LHS educator, coach enters Hall of Fame

LHS physical education teacher and fastpitch softball coach Steve Barker poses in front of the softball trophy case. -
LHS physical education teacher and fastpitch softball coach Steve Barker poses in front of the softball trophy case.
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LAKEWOOD There is something to be said for perseverance, dedication and loyalty. In the case of Lakewood High School physical education teacher and fastpitch softball coach Steve Barker, his 28 years at the helm has earned him a spot in the Coaches Association Hall of Fame.
While gracious upon hearing of the honor, the humble educator and whistle-toting coach said it was just a sign of getting older and coaching for a long time.
I see lots of coaches that coach through a lot of girls, but I stay with it because I enjoy it, Barker said. I am proud that I can do a good job.
For thirty-four years Barker has been an educator in the Arlington and Lakewood School Districts.
Barker began his teaching career at nearby AHS where he put in 18 years before heading west to Lakewood.
He began at Lakewood Junior High, taught one year at Lakewood Middle School and has been at LHS since the fall of 1991.
Two state championships in 1984 and 1986 highlight his years at the helm of coaching.
The state of Washington ended competitive high school slowpitch softball in 1999 and fastpitch softball has been in play ever since.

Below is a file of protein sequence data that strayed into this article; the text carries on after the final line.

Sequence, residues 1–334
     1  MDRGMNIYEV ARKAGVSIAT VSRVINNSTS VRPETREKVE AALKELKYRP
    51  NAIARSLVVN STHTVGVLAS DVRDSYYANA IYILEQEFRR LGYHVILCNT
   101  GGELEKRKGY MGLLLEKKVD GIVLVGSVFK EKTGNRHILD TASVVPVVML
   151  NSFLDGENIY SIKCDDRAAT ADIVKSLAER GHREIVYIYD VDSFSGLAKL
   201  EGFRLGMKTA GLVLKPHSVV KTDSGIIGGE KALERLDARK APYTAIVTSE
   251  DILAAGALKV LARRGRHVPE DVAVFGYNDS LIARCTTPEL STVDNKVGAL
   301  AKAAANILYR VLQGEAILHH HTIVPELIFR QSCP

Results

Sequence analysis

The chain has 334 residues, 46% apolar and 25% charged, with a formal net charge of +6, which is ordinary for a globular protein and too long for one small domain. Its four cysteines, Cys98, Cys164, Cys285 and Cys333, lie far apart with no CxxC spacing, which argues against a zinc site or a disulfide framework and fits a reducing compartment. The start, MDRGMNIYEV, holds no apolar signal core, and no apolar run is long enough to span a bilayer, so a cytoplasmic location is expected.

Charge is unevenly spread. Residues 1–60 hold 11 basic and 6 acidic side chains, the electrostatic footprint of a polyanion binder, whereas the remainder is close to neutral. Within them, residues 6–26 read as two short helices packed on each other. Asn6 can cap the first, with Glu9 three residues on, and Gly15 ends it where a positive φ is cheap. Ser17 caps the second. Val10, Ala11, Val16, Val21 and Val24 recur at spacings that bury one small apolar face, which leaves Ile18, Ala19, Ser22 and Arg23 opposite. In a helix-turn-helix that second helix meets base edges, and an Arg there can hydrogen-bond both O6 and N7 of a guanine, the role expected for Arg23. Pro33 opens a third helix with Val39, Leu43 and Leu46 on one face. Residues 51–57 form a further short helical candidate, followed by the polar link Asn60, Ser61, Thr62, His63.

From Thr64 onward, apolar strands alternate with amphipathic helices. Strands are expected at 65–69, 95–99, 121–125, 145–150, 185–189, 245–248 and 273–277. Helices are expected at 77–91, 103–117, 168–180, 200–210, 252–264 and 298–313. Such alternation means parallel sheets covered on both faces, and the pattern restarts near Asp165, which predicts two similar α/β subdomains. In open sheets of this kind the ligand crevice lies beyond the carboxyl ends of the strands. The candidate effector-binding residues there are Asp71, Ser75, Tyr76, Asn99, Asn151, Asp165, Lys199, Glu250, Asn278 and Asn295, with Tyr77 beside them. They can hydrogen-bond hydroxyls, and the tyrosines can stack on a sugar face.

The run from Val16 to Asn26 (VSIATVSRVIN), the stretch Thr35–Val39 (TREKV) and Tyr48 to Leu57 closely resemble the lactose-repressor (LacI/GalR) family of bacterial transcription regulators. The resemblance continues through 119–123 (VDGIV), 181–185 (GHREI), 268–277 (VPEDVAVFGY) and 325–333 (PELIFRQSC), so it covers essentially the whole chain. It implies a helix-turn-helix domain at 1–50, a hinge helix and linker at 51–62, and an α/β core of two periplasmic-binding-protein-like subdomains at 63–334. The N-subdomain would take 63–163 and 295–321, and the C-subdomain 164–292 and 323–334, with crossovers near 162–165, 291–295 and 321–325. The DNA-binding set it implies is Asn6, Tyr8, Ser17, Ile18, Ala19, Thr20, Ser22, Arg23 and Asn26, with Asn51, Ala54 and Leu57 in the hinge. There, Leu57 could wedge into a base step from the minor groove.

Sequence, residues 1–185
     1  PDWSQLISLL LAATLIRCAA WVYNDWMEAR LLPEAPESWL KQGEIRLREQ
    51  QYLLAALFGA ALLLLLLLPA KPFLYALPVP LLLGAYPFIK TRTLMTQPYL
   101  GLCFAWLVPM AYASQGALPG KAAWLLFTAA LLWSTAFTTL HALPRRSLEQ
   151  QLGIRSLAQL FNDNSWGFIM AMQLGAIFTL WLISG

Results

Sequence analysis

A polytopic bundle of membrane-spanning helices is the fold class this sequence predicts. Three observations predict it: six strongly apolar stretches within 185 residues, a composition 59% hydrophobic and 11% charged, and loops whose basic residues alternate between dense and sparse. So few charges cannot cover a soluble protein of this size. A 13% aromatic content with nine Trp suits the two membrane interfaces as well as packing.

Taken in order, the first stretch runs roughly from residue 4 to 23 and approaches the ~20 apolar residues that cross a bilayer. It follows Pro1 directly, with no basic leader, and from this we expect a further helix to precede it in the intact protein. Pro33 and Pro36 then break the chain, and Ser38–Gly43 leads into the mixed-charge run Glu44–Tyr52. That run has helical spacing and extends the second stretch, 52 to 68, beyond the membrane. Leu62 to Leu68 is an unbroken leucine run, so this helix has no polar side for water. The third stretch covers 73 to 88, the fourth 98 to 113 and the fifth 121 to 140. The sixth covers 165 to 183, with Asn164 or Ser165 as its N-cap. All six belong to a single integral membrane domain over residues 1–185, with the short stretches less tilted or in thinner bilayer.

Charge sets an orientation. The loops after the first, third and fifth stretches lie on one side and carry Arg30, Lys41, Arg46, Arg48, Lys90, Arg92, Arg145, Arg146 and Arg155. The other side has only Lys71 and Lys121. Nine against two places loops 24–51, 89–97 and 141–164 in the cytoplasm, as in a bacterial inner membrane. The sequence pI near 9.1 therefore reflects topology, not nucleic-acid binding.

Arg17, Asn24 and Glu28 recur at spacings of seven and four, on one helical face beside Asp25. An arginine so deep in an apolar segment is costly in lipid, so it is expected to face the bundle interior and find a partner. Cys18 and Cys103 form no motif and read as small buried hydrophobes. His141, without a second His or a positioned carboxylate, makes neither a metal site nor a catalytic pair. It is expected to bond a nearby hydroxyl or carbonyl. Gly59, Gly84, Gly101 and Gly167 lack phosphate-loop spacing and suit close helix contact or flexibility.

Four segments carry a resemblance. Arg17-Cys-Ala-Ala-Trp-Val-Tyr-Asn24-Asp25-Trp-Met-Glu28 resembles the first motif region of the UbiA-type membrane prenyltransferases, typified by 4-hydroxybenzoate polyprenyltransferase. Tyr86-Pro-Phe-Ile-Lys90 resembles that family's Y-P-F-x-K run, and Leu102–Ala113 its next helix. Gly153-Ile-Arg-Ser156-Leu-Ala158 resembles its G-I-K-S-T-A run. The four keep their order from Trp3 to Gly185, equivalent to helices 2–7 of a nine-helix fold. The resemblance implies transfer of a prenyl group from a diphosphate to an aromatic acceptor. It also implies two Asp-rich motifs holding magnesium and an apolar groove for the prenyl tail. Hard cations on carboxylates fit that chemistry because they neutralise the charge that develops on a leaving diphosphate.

A combined total of 10 league titles, two district championships, and eight state tournament appearances (including a LHS third-place and fourth-place finish) between the two schools highlight his coaching resume.
Barker said to the best of his knowledge three former players have advanced to the four-year collegiate level in addition to a lot of community college athletes.
Asking a coach with nearly three decades of experience to name his most gifted athlete is akin to having a parent choose a favorite child.
With no disrespect directed toward any of the high quality athletes, Barker said former shortstop Tina Adams comes to the front of his mind.
There were a lot of other great athletes, but she probably stands out as the best, he said.
Adams, known as Tina Baumgartner while at AHS, was a member of both state championship teams before continuing her three-sport successes at the collegiate level.
She was a great leader and a great student. She was a three-sport athlete at Skagit Valley Community College and probably the best athlete I have coached.
After Adams left SVCC she continued her career at the University of Idaho before finishing her degree at California Lutheran.
A current resident of the Stanwood area and teacher at Kings High School in Shoreline, Adams was excited to hear the news of her former coach.
Steve was the best coach I ever had, she said. I played three sports in high school and college and he was just the best. He expected excellence. I had him in the classroom as well as on the field. You just knew that you were going to be a success. He also instilled in us confidence. He was always a positive leader.
Adams said while she may only see him two to three times a year, but still enjoys watching LHS games.
When I see that they (LHS) are playing a softball game I run out there.
Barker said he may be a successful coach, but is quick to deflect the credit to Brad Ubert, his assistant coach.
The two graduated from AHS together and grew up together, he said.
Hes been my right-hand man all the time. Hell be my junior varsity coach again this year and we are looking forward to it.
Some of the fondest memories on the softball diamond involve the years his two daughters were Lady Cougars.
I had two daughters four years apart and they both played softball, he said. Those years were really special. My wife was really supportive. She was a little league coach and I have always been really appreciative of the support shes given.
Stephanie Barker graduated in 1997 and Kelcie in 2001.

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